Georgia and Florida in 1923 Atlas of the World and Gazeteer 1923-01-01

Back in 1923, Georgia and Florida looked about the same in this Atlas, until you notice, where’s I-75 and I-10? Where are all the roads? Nowhere: those lines are railroads.

Many railroad towns such as Ellaville and Genoa in Florida and Dupont and Haylow in Georgia are depicted, when they aren’t anymore on maps of this scale. Troupville is long gone, because it moved to Valdosta where the railroad was coming: the Atlantic Coast Line, labeled “A.C.L.”, later plus two others, “G.S.”, presumably Georgia Southern, and “G.S.F.”, presumably Georgia Southern and Florida.

[South Georgia and North Florida]
South Georgia and North Florida

Amusingly, the Florida map names and draws “Okefinokee Swamp” in Georgia, but the Georgia map does not. The Georgia map shows a couple of lakes instead.

[Florida and Georgia]
Florida and Georgia

The only river named in the Suwannee River Basin is “Suwanee R.” down at the Gulf.


The word “Willacoochee” is written on the Georgia map, but that’s for the town, not the river. The Alapaha, Alapahoochee, Withlacoochee, Little, Santa Fe, and Ichetucknee are not named.


Some town names are spelled differently: “Allapaha” instead of Alapaha and “Rays Mills” instead of Ray City.

“Liveoak” appears to be all one word, as does “Lakepark”.


These maps are in a copy I have of the 1923 Atlas of the World and Gazeteer, Funk and Wagnalls Company, New York and London, 1923.

[1923 Atlas of the World and Gazeteer]
1923 Atlas of the World and Gazeteer

[Funk and Wagnalls Company, New York and London, 1923]
Funk and Wagnalls Company, New York and London, 1923


It was a different world back then between WW I and WW II, aka the interwar period, at the height of the British and French Empires.


Ireland appears to still be part of the United Kingdom, despite the recent Irish War of Independence.

Germany sprawls from tiny independent Saar to East Prussia, including Danzig and Konigsberg.

Italy includes the hinterland of Trieste (Istria, a peninsula now divided between Slovenia and Croatia).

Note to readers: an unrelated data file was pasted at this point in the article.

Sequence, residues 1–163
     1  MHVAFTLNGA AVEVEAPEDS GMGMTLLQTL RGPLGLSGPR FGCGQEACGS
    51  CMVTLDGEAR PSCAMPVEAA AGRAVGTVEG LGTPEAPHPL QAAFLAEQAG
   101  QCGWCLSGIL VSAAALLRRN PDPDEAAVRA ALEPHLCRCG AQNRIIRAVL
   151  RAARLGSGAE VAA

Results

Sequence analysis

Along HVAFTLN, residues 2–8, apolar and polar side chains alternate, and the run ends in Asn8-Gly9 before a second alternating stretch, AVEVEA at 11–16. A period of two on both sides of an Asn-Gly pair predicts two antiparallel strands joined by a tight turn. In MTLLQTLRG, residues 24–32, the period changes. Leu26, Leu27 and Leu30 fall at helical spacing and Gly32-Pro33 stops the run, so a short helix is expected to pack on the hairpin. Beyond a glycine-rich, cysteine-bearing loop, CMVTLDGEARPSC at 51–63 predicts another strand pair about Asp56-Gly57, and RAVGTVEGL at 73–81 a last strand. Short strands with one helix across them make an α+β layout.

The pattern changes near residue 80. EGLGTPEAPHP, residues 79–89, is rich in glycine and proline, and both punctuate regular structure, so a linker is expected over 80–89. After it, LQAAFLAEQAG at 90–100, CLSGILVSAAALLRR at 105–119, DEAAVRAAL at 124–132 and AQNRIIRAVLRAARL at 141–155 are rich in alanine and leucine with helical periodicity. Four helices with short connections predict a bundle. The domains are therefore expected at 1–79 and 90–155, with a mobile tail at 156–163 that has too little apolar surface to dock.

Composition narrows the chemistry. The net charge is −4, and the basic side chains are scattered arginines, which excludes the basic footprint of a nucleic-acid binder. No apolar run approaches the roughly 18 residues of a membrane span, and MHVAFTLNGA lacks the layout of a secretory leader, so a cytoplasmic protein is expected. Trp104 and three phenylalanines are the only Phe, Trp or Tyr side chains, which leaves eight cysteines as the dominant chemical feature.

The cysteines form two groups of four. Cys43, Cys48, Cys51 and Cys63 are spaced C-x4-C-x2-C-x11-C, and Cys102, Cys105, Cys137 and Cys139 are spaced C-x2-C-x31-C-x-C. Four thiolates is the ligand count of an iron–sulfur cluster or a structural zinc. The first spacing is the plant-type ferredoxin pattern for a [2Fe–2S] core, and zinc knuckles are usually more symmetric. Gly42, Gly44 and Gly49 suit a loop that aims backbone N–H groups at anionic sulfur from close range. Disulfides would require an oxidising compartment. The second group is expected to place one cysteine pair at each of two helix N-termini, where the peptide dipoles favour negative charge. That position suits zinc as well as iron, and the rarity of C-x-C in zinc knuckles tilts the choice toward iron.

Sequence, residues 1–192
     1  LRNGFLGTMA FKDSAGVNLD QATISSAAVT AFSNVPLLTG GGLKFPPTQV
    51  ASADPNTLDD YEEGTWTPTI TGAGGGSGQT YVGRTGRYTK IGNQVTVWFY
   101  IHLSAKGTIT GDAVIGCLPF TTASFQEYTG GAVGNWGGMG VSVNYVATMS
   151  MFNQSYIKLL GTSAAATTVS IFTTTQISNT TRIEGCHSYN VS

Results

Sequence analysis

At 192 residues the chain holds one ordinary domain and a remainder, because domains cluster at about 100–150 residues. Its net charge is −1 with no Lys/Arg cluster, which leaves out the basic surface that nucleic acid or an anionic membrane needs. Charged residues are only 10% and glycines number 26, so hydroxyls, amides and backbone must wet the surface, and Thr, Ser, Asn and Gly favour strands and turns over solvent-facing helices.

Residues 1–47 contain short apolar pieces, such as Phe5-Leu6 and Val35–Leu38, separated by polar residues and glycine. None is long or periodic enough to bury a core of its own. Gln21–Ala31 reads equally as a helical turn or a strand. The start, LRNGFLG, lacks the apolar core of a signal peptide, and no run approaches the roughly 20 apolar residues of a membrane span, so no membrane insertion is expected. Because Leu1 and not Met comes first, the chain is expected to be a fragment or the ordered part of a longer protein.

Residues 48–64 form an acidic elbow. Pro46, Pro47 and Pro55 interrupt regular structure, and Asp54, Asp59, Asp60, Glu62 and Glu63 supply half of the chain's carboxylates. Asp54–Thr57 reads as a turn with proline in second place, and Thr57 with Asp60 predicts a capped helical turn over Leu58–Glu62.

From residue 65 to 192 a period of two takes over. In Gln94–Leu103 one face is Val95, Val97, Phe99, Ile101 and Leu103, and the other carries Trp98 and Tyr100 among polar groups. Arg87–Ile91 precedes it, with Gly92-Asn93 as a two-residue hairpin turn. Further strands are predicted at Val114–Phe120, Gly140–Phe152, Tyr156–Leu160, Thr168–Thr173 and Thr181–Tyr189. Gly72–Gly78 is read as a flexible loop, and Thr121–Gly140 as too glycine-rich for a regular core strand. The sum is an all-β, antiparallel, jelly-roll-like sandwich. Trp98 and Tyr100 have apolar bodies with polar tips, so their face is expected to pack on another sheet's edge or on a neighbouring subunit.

Russia includes Crimea and the mainland north to the Dnieper River, aka Kherson and Zaporizhzhia. Russia took back Crimea in 2014 and is currently trying to add those other two plus Donetsk and Luhansk in the war it started this year.

[Central and Southern Asia]
Central and Southern Asia

1923 was at the height of the British Empire, including everything from Afghanistan to Burma. Baluchistan wasn’t even considered part of Afghanistan; it was direclty part of the British Raj in India.

French Indo-China was at its height, including Vietnam, Laos, and Cambodia.

Japan claimed Formosa (Taiwan).

Siam, now Thailand, retained its independence.

[Northern Africa]
Northern Africa

The British Empire included much of east Africa (and effective hegemony in Egypt), plus the Gold Coast (later Ghana) and Nigeria in West Africa. But France claimed West Africa from Algeria to Senegal, the Ivory Coast, and Dahomey, plus in Central Africa Ubangi-Shari (now Central African Republic), Gabon, and Congo-Brazzaville.

France also controled former German Togo and Kamerun (now Cameroun).

Spanish Guinea was in between.

The most notorious colony of all was still around, the Belgian Congo (now Zaire).

Italy had stomped into Eritrea and Somalia.

But Abyssina (the Ethiopean Empire) remained independent.

[Southern Africa]
Southern Africa

Portuguese Angola and Mozambique were still around.

The British had colonized most of southern Africa, plus they now controled former German Tanganyika (now Tanzania) and South West Africa (now Namibia).

The French held Madagascar.


Both Africa maps together illustrate the extent of the colonial partition of Africa after the Berlin Conference of 1884-1885. Many of those lines drawn on maps thousands of miles away are still national boundaries today, because nobody wants to deal with redrawing them.

History still affects us all.

 -jsq, John S. Quarterman, Suwannee RIVERKEEPER®

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